SLAAE18 March 2021 MSP430FR2433

Many applications, such as toys, musical tuners, function generators, and others require the generation of reference analog waveforms and signals. Although this can be done with a digital-to-analog converter (DAC), this can also be achieved with a few passive components and a pulse width modulated (PWM) signal. This document demonstrates how to generate time-variant and static signals; however, it can be adapted to construct many other arbitrary signals using tables or counters, multiple programmable DAC levels, or a combination. This example demonstrates an 8-bit DAC generating a 250Hz sine wave, oversampled at 16x, and a DC signal without GUI visualization and a 4Hz sine wave, oversampled at 16x, and a DC signal with analog-to-digital converter (ADC) capture and GUI visualization. The sine wave is achieved by storing the sine samples in a lookup table and updating the PWM duty cycle duration with the next sample after each PWM cycle. The PWM is output to an RC filter that removes the higher-frequency signal components and reconstructs the sine wave. For this reason, it is best for the PWM frequency to be much higher than the desired sine frequency. To generate the static signal, a constant duty cycle is maintained. The MSP430FR2433 MCU, which is used in this document, is a cost-effective device with 4KB of SRAM and 16KB of FRAM.

Note: This example can be
used with any MSP430™
LaunchPad™ Development Kit with the required MCU peripherals. For migrating
pinouts and peripherals, see the device-specific data sheet.

In Figure 1-1, the sine PWM duty cycle is changing after each PWM period, whereas, the DC duty cycle is not. The sine and DC waves are seen at the output of the RC filters.

The resolution of the DAC is determined by the timer count length (28 = 256). The sampling rate, or PWM frequency, can be found by multiplying the sine frequency by the number of samples per sine cycle, which gives 8 kHz.

Equation 1. 32 Samples × 250Hz = 8
kHz

An easy way to think about this relationship is that the capacitor is essentially averaging the output samples over time. The sampling rate is the output sample speed required to construct a 250Hz periodic signal with 32 samples per cycle. The PWM clock frequency is found by multiplying the sampling frequency by the number of timer counts, which gives 2.048 MHz. To achieve this, the digitally controlled oscillator (DCO) has been set to 16 MHz with a subsystem master clock (SMCLK) divider of 8. The relationship between resolution, PWM frequency, and PWM clock frequency is shown in Equation 2.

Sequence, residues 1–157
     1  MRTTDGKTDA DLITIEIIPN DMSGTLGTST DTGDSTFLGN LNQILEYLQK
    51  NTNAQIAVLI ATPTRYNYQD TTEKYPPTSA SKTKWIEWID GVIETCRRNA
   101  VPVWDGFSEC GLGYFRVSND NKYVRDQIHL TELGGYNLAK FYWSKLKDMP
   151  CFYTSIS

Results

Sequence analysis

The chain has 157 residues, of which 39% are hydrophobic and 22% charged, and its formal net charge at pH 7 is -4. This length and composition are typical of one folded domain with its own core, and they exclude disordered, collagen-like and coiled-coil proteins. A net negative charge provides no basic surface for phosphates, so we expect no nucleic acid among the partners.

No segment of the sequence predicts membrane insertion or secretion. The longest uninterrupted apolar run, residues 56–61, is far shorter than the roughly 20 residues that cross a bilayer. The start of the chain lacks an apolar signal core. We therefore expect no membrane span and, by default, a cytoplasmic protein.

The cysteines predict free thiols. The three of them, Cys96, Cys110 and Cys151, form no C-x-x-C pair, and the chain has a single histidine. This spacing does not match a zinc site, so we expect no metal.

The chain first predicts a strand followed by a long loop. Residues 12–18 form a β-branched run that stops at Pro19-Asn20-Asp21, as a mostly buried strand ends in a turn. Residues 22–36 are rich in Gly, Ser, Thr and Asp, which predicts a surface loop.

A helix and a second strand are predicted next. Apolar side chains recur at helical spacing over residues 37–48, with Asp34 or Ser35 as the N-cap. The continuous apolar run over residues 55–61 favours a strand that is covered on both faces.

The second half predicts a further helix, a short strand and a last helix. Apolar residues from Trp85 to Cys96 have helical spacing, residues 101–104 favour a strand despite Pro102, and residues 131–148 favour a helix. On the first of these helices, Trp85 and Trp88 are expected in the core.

Equation 2. f_{clock} = f_{PWM} × 2
n_{Bits}

where, n_{Bits} = the bit
resolution of the DAC.

The CCR0 interrupt is enabled and the ISR updates the PWM duty cycle stored in CCR1. This is done by incrementing the counter variable to point within a 32-element sine wave array. CCR2 is loaded with a constant PWM duty cycle to generate the DC signal. CCR1 and CCR2 are configured for pins P1.1/TA0.1 and P1.2/TA0.2. Both CCR output modes are set to reset/set. In this mode, each output is reset when the counter reaches the respective CCRx value and is set when the counter reaches the CCR0 value. This provides positive pulses equivalent to the value in CCRx on each respective output.

By outputting the sine PWM to a 2-pole
RC filter, the sine wave is reconstructed and the PWM switching is filtered out. The
R and C values can be determined by Equation 3, where R_{1}C_{1} = R_{2}C_{2} = RC: